This type of building is also known as sustainable design or green building and started to gain popularity during the oil / energy crisis of the 1970s. It generally costs more than traditional methods, however they usually pay for themselves after only a few years in the way of reduced bills, as well as being a lot better for the global environment.
Energy-saving homes try to use renewable resources both in construction and upkeep. For example, some are built from wood from sustainable forests or bricks made rammed earth. They aim to reduce consumption of all services, most notably water and electricity. Water use can be reduced by low-use appliances but more by recycling water around the household. So-called ‘grey water’ (bathwater, dishwater, etc) can be re-used in the garden for irrigation, and if this is not sufficient then rainwater can also be collected. These practices not only reduce the amount of waste going to the sewage system but of course also the consumption. Even human waste can be recycled using a composting toilet and makes compost which will help your garden grow. A good energy-efficient home should hardly need to throw anything away. It should also watch what it brings in: e.g. avoiding plastic bags, excess packaging, etc.
A good energy-saving home should make the most use of the local environment and be well-suited to the climate. Think of the home as a living organism and you’re heading down the right track. Certain animals and plants either adapt to their surroundings or die off and an energy-efficient home should follow the same principle.
The biggest of these factors to take into account is of course sunlight. Consider where the sun rises and sets and the path it takes during the day. If you live in a hot climate, you will want to reduce the amount of sunlight that can enter the home (e.g. through windows) and shade the house as much as possible either using extended roofs or more natural shade such as trees. Try to maximise the ventilation of the home to make use of breezes which can cool it down. The idea is to keep the house as cool as possible without the need for air conditioning or other energy-sapping machines. In a cold climate you will want to try to maximise the sunlight that enters the house, reducing the need for artificial heating. You can also reduce the need for artificial lighting in such a home.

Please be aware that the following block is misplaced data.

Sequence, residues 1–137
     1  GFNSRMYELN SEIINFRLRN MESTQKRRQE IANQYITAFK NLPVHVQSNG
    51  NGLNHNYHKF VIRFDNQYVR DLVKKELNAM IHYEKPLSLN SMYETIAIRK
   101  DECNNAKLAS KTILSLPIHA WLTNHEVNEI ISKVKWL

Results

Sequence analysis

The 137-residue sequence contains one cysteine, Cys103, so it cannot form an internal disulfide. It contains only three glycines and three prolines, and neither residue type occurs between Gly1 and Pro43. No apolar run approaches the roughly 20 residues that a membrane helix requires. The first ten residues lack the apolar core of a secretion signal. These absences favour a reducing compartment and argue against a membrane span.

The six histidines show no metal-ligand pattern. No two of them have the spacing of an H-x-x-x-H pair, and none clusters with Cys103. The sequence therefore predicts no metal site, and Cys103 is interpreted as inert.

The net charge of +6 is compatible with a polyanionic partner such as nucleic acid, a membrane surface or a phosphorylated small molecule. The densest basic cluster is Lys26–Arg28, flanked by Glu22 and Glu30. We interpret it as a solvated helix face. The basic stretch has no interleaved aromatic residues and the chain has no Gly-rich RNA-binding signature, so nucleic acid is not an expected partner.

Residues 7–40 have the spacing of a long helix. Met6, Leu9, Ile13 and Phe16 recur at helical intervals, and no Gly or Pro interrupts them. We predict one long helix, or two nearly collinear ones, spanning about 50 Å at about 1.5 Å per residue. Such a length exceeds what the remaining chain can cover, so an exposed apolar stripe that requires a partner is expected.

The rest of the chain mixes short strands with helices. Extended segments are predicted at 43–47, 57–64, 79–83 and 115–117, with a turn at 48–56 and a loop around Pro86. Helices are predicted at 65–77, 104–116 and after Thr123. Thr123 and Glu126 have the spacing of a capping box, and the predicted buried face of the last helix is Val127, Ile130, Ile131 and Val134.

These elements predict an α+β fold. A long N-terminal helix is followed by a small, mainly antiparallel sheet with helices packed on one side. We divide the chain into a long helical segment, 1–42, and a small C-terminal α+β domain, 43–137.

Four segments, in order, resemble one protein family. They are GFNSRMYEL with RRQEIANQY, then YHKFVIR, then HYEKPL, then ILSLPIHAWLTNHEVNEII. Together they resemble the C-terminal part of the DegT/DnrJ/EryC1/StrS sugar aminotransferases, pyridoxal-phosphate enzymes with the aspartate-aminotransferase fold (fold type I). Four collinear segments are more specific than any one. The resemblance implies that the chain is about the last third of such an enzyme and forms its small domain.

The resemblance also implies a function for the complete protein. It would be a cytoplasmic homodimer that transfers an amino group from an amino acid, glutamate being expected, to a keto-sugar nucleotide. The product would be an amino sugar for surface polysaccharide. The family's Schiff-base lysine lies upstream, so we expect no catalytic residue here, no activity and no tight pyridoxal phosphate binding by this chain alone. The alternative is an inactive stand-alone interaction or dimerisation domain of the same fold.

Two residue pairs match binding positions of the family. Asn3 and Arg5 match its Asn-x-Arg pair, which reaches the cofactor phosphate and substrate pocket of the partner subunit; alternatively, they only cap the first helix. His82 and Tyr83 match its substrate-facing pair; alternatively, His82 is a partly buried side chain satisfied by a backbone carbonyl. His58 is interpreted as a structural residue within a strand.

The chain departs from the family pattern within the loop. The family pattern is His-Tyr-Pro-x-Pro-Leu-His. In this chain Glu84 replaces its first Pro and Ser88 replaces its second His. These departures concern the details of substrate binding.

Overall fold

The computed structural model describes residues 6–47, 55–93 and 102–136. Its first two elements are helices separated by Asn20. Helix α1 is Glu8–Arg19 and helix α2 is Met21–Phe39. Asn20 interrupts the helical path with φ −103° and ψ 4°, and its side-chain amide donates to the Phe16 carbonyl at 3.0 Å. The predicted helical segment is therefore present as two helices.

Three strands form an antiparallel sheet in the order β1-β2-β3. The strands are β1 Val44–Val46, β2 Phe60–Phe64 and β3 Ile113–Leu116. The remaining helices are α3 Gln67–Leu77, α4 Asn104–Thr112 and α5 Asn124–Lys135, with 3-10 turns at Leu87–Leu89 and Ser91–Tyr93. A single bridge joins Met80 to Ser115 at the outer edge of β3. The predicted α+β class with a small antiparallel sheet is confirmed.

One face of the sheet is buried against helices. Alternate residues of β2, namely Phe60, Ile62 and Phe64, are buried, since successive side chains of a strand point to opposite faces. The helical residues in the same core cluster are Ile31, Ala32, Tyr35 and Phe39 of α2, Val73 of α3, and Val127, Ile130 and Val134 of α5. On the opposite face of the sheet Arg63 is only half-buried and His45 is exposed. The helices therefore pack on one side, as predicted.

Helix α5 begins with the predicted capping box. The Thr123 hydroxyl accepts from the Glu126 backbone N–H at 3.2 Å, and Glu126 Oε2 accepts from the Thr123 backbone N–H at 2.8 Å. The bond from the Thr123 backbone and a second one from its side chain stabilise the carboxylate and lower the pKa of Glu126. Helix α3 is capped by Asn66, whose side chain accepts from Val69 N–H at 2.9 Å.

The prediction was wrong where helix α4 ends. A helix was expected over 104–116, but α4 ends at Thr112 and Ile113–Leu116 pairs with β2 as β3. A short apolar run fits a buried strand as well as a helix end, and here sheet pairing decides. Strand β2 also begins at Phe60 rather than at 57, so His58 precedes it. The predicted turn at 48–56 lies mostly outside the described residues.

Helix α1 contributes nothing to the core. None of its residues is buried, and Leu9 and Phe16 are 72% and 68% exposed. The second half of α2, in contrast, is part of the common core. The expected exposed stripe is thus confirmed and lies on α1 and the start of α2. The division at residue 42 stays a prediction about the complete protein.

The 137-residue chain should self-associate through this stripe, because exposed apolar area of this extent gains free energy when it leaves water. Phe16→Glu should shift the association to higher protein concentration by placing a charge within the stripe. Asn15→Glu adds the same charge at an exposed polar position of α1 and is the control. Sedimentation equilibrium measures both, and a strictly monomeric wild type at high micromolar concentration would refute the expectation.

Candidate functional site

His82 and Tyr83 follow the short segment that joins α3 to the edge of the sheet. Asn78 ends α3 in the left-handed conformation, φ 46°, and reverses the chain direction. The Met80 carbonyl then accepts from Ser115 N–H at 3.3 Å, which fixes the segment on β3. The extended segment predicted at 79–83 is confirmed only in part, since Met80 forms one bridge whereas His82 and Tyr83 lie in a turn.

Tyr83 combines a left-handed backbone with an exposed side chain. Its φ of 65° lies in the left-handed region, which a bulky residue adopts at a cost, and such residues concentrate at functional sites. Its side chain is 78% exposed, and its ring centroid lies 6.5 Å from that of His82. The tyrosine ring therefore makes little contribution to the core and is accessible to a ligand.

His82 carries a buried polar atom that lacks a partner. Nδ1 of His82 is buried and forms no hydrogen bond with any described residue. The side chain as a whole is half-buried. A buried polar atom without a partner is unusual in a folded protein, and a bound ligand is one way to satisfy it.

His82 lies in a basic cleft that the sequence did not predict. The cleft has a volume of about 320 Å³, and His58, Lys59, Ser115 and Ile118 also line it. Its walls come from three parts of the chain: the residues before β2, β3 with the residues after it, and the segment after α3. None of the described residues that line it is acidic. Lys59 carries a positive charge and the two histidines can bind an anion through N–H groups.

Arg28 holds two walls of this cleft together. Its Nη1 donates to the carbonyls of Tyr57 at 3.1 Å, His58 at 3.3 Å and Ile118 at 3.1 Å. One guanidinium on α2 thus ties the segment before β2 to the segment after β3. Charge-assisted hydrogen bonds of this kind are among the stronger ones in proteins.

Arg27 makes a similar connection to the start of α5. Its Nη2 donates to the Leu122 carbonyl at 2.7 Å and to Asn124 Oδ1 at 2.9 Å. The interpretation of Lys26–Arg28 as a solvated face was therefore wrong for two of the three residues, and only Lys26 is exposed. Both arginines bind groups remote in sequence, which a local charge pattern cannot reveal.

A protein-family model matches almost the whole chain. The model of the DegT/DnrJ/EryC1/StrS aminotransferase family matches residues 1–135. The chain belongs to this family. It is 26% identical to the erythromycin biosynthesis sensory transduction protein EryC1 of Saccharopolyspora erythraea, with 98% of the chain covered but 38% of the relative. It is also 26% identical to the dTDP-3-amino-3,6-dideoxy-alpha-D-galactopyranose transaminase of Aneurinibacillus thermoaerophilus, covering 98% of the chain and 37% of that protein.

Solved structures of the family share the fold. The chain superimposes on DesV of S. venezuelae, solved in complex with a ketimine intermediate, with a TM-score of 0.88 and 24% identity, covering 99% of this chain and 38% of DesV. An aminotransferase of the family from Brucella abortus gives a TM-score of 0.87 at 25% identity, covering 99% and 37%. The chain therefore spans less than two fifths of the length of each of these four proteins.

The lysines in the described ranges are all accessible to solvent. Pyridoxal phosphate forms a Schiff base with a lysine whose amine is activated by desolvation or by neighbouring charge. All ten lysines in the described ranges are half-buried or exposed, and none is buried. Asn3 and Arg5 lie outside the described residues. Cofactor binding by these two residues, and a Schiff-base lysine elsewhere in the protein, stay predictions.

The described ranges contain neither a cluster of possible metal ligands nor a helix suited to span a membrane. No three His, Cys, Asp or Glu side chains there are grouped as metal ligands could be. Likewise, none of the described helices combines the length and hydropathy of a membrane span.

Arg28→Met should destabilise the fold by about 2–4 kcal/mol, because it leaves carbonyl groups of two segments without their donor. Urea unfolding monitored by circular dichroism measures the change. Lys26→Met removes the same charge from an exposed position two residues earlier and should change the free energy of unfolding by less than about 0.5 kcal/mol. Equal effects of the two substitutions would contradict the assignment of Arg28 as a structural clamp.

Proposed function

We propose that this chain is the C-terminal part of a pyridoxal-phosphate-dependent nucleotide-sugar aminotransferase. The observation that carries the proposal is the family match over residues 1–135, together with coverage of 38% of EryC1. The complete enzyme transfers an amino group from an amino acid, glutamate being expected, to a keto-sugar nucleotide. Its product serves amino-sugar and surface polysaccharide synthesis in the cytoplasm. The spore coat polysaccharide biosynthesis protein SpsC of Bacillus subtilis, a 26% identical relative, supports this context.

Insulation is crucial in all climates for maintaining these temperatures on a daily basis. It’s no good having a home that is nicely heated by the sun during the day if you’re going to lose all that heat as soon as the sun sets!
The materials used in construction should come from local sources. This not only cuts down on cost but of course uses far less energy in shipping materials from across the globe, thus cutting down on the “energy footprint” of your home. Another benefit of this is that you will usually find that the style of your house will fit better with its surroundings if it is built from local materials.